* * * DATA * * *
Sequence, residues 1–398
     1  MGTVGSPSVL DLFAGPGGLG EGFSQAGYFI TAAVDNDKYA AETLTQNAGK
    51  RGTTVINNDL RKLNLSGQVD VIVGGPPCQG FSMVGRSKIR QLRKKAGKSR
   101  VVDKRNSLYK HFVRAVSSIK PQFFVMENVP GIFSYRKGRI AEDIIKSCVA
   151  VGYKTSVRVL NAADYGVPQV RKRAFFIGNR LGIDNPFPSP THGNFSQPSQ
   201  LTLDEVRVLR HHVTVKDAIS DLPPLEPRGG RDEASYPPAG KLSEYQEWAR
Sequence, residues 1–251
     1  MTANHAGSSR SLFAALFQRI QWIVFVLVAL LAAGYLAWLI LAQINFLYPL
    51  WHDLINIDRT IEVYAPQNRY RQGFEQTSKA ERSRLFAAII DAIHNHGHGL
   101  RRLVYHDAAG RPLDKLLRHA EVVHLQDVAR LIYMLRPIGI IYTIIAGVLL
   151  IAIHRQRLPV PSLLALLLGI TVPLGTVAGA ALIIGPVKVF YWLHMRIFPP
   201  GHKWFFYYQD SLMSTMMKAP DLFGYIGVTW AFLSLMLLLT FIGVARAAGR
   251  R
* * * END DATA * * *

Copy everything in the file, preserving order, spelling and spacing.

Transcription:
Sequence, residues 1–398
     1  MGTVGSPSVL DLFAGPGGLG EGFSQAGYFI TAAVDNDKYA AETLTQNAGK
    51  RGTTVINNDL RKLNLSGQVD VIVGGPPCQG FSMVGRSKIR QLRKKAGKSR
   101  VVDKRNSLYK HFVRAVSSIK PQFFVMENVP GIFSYRKGRI AEDIIKSCVA
   151  VGYKTSVRVL NAADYGVPQV RKRAFFIGNR LGIDNPFPSP THGNFSQPSQ
   201  LTLDEVRVLR HHVTVKDAIS DLPPLEPRGG RDEASYPPAG KLSEYQEWAR
Sequence, residues 1–251
     1  MTANHAGSSR SLFAALFQRI QWIVFVLVAL LAAGYLAWLI LAQINFLYPL
    51  WHDLINIDRT IEVYAPQNRY RQGFEQTSKA ERSRLFAAII DAIHNHGHGL
   101  RRLVYHDAAG RPLDKLLRHA EVVHLQDVAR LIYMLRPIGI IYTIIAGVLL
   151  IAIHRQRLPV PSLLALLLGI TVPLGTVAGA ALIIGPVKVF YWLHMRIFPP
   201  GHKWFFYYQD SLMSTMMKAP DLFGYIGVTW AFLSLMLLLT FIGVARAAGR
   251  R